Class President Syndrome in Social Media

Class President Syndrome in Social Media

The storytelling site, Cowbird, rewards authors who have large audiences and high number of ‘likes’ for their stories with front-page features and greater visibility in topic searches.

On the face of it, this makes sense.  Contributors with a large following are probably creating content that resonates with the majority of the site’s users.  But one downside to this mechanic is that it can devolve into popularity contests, similar to those seen in school elections where students are elected more for the number of favorable contacts rather than the quality of their platforms.

In Cowbird, I’ve noticed that authors who may soon become ‘rising stars’ sometimes tend to ‘like’ stories indiscriminately and add many users as contacts.  This is probably done in the hopes that their new friends will then reciprocate which in turn will elevate the rising star’s status.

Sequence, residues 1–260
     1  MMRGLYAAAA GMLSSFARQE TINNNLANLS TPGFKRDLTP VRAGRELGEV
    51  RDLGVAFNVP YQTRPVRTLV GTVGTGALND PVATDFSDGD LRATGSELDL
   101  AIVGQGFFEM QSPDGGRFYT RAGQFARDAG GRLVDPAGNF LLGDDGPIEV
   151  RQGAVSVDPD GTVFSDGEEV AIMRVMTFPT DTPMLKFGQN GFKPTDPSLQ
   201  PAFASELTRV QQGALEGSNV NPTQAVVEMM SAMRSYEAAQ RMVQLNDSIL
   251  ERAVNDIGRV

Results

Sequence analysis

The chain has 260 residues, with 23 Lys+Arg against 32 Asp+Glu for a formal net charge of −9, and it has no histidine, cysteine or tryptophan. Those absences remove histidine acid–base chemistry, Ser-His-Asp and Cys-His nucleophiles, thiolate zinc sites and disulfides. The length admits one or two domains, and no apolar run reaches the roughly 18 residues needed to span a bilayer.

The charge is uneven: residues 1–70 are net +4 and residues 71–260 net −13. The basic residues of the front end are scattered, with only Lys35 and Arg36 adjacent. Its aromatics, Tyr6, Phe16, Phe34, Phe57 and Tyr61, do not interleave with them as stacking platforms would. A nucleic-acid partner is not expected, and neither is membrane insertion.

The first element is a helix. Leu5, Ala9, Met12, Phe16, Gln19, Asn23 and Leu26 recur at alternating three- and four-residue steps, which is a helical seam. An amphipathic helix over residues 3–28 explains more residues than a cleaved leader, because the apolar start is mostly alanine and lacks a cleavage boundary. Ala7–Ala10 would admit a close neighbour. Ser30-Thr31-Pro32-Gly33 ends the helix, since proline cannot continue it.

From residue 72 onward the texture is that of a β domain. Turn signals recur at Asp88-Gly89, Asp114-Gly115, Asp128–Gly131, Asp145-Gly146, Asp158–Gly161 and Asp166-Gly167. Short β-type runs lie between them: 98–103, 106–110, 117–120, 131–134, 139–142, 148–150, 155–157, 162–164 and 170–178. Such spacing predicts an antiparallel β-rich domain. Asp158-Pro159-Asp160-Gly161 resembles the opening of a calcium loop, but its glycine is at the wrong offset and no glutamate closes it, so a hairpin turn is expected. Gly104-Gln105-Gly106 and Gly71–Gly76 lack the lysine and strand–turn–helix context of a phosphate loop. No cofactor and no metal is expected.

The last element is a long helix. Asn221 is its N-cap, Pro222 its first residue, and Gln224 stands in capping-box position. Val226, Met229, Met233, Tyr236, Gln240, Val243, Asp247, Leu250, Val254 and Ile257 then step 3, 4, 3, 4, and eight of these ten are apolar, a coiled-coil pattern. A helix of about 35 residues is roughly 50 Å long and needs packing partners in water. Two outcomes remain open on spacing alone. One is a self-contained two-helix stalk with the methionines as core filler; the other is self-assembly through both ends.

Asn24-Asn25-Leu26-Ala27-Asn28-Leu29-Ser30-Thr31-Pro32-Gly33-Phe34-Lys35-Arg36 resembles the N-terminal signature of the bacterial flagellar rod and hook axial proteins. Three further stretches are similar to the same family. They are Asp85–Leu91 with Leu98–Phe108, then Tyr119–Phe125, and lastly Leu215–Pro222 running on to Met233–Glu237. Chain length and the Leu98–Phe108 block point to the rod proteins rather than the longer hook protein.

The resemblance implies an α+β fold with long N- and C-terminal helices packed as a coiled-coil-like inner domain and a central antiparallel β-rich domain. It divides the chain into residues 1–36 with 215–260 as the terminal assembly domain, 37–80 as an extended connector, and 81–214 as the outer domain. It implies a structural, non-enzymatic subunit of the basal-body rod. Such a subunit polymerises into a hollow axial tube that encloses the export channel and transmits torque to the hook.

This is great for the site developers as it brings more traffic and users, but the downside is that the quality of the content becomes irrelevant with users focused more on amassing likes and contacts rather than writing good stories.

All this reminds me of Chris Hecker’s GDC talk on how extrinsic motivators (e.g., status) can extinguish intrinsic motivators (e.g., writing good stories).

Overall, though, Cowbird does a great job of providing a tool for content creation and includes some features that can counteract the class president syndrome (e.g., editor’s feature and random search).  It would be nice if they could provide more methods to reward creating good content than creating a reciprocal network.

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